Can you guess who owes the full amount of Social Security and Medicare tax? That’s right, you. And don’t forget, that’s on top of your regular Federal and State taxes. It adds up quickly.
While being an LLC keeps you safe in court, the IRS still sees you as any other person making a few bucks — Uncle Sam wants his full cut — which means the burden is no longer shared but placed solely on you.
This is where the S-Corp election comes into play.
Leveling Up: Electing for an S-Corp
When Alex suggested I elect to become an S-Corp four years ago, my palms began to sweat. I imagined piles of paperwork, tedious minutes, and official letterhead stationery. It’s sounded…corporate.
As it turns out, an S-Corp is nothing more than a piece of paper. But an important piece of paper, mind you. Let’s look at some math — some extremely simple math — to find out why.
Let’s say your business brings in $100,000 after expenses. If you were an LLC, all of this profit would be passed on to you, which means you’d be responsible for the entire 15.3% cut for Social Security and Medicare. $15,300 total.
Now, if you are structured as an S-Corp, you will need to at least assign yourself a salary. Whatever that salary is, that’s up to you. For simplicity’s sake, let’s assume you assign yourself a $50,000 salary. Of that $50,000 salary, you now only pay half of the 15.3% for a total of $3,825 on your W2. The business would be responsible for the other $3,825.
However, now that $3,825 counts as an expense which reduces the other $50,000 to $46,175. That $46,175 of profit is passed through to you as the owner of the S-Corp of which you’re only responsible for Federal and State taxes.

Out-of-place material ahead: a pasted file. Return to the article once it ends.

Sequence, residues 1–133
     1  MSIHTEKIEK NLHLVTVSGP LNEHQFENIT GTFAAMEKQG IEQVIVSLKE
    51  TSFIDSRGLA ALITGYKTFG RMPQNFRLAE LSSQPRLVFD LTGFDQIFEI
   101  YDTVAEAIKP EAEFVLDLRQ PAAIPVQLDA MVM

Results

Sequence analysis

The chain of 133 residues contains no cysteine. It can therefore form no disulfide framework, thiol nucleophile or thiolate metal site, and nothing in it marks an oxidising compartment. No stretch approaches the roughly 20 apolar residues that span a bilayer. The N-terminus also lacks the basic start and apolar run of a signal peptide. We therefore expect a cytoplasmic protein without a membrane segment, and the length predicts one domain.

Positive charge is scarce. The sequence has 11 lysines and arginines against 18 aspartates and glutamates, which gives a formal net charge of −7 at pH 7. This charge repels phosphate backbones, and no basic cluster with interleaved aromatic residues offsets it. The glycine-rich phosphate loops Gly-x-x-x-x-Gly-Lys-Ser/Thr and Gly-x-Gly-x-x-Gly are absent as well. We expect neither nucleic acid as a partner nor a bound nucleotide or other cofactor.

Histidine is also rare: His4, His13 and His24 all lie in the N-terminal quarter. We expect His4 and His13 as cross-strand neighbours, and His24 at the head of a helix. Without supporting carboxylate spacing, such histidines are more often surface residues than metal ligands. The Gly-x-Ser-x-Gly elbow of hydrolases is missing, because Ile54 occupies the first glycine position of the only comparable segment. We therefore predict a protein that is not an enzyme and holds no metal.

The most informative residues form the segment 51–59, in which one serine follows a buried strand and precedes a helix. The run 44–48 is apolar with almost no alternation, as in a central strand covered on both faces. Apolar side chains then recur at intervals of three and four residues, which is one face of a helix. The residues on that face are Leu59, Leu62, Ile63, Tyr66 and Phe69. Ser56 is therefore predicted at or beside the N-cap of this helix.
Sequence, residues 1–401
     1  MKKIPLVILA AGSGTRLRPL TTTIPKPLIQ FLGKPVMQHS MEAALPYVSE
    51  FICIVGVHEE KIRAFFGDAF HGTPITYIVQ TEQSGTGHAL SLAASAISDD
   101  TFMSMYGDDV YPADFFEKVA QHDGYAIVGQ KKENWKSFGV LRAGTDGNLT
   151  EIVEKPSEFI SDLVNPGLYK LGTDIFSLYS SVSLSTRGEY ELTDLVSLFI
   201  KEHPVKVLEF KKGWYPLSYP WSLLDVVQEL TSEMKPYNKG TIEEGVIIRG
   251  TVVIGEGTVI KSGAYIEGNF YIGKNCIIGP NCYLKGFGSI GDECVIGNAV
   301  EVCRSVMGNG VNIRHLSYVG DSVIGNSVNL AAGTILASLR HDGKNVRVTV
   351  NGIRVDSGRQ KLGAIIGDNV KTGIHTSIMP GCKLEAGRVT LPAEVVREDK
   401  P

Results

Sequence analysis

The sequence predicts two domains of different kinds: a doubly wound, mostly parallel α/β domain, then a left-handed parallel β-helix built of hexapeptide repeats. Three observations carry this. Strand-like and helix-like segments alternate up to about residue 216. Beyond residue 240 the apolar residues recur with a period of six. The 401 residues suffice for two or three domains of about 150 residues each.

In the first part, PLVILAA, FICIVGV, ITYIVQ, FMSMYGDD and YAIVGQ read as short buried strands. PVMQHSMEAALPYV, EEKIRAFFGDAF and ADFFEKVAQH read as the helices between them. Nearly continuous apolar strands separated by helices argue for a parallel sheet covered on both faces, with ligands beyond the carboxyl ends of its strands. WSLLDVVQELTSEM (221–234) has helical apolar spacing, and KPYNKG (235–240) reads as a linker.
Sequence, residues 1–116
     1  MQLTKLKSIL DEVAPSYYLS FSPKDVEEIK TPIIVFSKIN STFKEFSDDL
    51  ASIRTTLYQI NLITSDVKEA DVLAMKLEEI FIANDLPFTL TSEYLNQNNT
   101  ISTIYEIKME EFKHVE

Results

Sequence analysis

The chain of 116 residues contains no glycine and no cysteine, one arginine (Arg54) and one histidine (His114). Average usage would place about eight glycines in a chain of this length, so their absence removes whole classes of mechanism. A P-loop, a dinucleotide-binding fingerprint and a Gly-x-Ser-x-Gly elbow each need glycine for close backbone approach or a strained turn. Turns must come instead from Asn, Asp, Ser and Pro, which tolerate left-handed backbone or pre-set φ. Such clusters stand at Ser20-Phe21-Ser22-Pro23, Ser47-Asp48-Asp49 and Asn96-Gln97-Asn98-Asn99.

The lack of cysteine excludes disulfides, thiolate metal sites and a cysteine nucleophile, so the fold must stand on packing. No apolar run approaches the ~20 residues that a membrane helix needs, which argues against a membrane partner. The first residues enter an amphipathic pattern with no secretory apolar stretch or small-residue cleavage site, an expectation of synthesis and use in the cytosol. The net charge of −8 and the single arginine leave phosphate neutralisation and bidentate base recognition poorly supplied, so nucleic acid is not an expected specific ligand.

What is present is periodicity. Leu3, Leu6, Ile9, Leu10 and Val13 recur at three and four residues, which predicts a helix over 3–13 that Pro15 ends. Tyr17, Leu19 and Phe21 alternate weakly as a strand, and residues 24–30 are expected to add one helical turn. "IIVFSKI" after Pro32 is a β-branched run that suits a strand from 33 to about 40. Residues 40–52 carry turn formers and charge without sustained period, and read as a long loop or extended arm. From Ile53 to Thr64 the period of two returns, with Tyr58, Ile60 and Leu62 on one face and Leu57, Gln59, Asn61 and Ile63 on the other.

Instead of paying $15,300 in Social Security and Medicare taxes, you and the business only pay an amount dependent on how much salary you take. (No, you can’t take a $1 salary to avoid paying any tax. It’s up to you and your accountant to find the “sweet spot,” generally around 30–50% of your profits.)
With an S-Corp you can also find other ways to bring down your profit, for example, by setting up a Self-Employed IRA or HSA accounts. Again, these are all legal means, there’s no number fudging going on here.
In other words, you have more options than an LLC to legally save on taxes over the years.
What to do now
If you’re already an established LLC, you have a small window of time during the first 75 days of the year to file for an S-Corp. If you’re a newly established LLC, you have 75 days from the effective date of your founding to file. And by file, I mean sending some paperwork to the IRS.
There are also some rare instances where you can backdate your election up to 3 years and 75 days, but that means you have to restate everything and redo the past three years’ worth of taxes. In most cases, it’s not worth the hassle.
I’ve made some generalizations and assumptions in this article. Whether the S-Corp election is right for you and your business is a conversation you’ll want to have with an accredited accountant who can look at all the factors of your business and help you make an informed decision.
Luckily I happen to know an accountant who knows a thing or two about S-Corps and happens to be generous with his time. You should give him a call.